RealTime IT News

Ubuntu's Gutsy Move

Ubuntu Linux and its corporate sponsor Canonical claim to be ready for the enterprise challenge on the desktop and the server.

Ubuntu's 7.10 release, code-named Gutsy Gibbon, includes a slew of updates to both the server and the desktop that improve usability and security as the open source startup challenges both its open source peers and commercial competitors.

"We know that the server operating system is the most conservative operating system environment, and we know it will take many years to get Ubuntu widely certified," Canonical CEO Mark Shuttleworth said on a conference call with reporters and analysts. "But I still think that we've made remarkable progress since our first true enterprise server release went out just over a year ago."

Shuttleworth is referring to the 6.06 release, code-named Dapper Drake. Since then Ubuntu has released Edgy Eft and Feisty Fawn.

A key part of Ubuntu's progress is the fact that it has actually made progress. Ubuntu is based on Debian GNU/Linux, which has long been troubled by delays. Ubuntu, on the other hand, has kept to its release schedules and, according to Shuttleworth on average has slipped less than a day since its first release.

But adherence to release schedules isn't all that makes Ubuntu 7.10 "gutsy"; it's the features, too.

The update includes improved hardware and device support coupled with a new standardized framework for delivering updated drivers as they become available. Gutsy Gibbon also improves printer support. Shuttleworth hyped it so much by saying that if a user's printer works with an Apple Mac, then it will work with Ubuntu.

The latest version, set for official release tomorrow, is also about looking better than its predecessors. It includes the Compiz Fusion 3D desktop effects overlay, which is enabled by default. Shuttleworth said that Ubuntu wanted to move the 3-D desktop to the point where it can actually enhance productivity.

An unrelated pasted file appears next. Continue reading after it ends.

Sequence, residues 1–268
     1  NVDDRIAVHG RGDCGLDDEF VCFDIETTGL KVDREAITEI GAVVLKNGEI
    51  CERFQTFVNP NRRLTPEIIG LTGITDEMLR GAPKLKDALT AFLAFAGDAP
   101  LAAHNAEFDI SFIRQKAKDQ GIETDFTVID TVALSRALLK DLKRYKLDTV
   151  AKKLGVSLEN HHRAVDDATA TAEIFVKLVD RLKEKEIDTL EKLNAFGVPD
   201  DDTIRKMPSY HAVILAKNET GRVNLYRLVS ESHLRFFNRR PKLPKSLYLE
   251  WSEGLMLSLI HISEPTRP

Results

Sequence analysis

Gutsy Gibbon takes aim at improving security as well, with its integration of AppArmor. It provides an additional level of mandatory access control for Linux ensuring the right level of permission and access for applications and users.

AppArmor technology was originally developed by Immunix which was acquired by Novell in 2005. Novell has since open sourced the technology, which competes against Red Hat's SELinux.

Shuttleworth referred to AppArmor as a second-generation product for Linux security, whereas SELinux is first generation. Ubuntu did not work directly with Novell in order to integrate AppArmor with Gutsy Gibbon, but as Shuttleworth noted, the nature of open source is that people contribute and things are picked up.

Another item that Ubuntu has picked up from the open source community is the ability to have read and write access to Windows NTFS partitions on a dual-boot machine.

Canonical CTO Matt Zimmerman said the way Ubuntu has achieved that feat is quite different than simply using something like Samba, which is included in all Linux distributions and enables users to use Windows folders and printer shares.

Ubuntu's method takes advantage of the NTFS-3G project, which only became stable earlier this year. According to Shuttleworth, with NTFS-3G, a user gets actual native read/write access from a local partition.

Though the NTFS-3G effort interfaces with Microsoft's proprietary file system, Shuttleworth argued that it will not put users at additional risk from any potential patent-related litigation. Microsoft has claimed that open source software infringes on over 200 Microsoft patents.

"We remain convinced that Microsoft is simply not going to put itself at the risk of real rebuttal by challenging Linux directly on IP grounds," Shuttleworth said.

Shuttleworth also touched upon the issue of Ubuntu's user base, saying that it has "in excess of six million users." He did, however, admit that he couldn't be sure of the number since there is no formal registration process for most users, and neither Canonical nor the Ubuntu community do any active monitoring of installations.

However, Red Hat Fedora Linux, Ubuntu's competitor, provides publicly available usage numbers based on how many Fedora installations update their machines.

As of Oct. 3, Fedora reported nearly 1.5 million users for its Fedora 7 release alone. Fedora had previously reported nearly three million users for its Fedora 6 release.

The Gutsy Gibbon release is expected to be supported by Canonical for 18 months after its release. The next Ubuntu release, code-named Hardy Heron, is set for a 2008 launch and will be what Canonical refers to as a Long-Term Support (LTS) release, which means it will be supported for five years. Though the next release will receive more support, Shuttleworth was quick to note that it doesn't mean that the Gutsy Gibbon isn't as good a release.

"For LTS, we make a concerted effort to certify ISV applications and server models," Shuttleworth said. "There is no quality difference; it's just a supported timeframe difference."